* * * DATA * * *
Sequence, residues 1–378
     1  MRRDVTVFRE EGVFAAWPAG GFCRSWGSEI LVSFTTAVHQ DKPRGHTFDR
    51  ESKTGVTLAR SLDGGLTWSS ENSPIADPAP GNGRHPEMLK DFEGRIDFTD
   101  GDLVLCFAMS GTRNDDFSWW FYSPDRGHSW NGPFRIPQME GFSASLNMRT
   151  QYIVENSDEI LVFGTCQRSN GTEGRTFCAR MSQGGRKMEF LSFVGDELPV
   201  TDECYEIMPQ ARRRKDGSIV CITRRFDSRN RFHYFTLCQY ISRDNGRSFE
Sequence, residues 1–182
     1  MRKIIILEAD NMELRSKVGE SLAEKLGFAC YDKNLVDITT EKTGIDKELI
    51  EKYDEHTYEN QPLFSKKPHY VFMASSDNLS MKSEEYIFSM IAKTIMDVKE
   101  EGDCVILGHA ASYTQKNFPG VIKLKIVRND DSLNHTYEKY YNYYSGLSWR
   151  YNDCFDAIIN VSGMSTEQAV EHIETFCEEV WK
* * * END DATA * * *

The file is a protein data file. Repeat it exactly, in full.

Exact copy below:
Sequence, residues 1–378
     1  MRRDVTVFRE EGVFAAWPAG GFCRSWGSEI LVSFTTAVHQ DKPRGHTFDR
    51  ESKTGVTLAR SLDGGLTWSS ENSPIADPAP GNGRHPEMLK DFEGRIDFTD
   101  GDLVLCFAMS GTRNDDFSWW FYSPDRGHSW NGPFRIPQME GFSASLNMRT
   151  QYIVENSDEI LVFGTCQRSN GTEGRTFCAR MSQGGRKMEF LSFVGDELPV
   201  TDECYEIMPQ ARRRKDGSIV CITRRFDSRN RFHYFTLCQY ISRDNGRSFE
Sequence, residues 1–182
     1  MRKIIILEAD NMELRSKVGE SLAEKLGFAC YDKNLVDITT EKTGIDKELI
    51  EKYDEHTYEN QPLFSKKPHY VFMASSDNLS MKSEEYIFSM IAKTIMDVKE
   101  EGDCVILGHA ASYTQKNFPG VIKLKIVRND DSLNHTYEKY YNYYSGLSWR
   151  YNDCFDAIIN VSGMSTEQAV EHIETFCEEV WK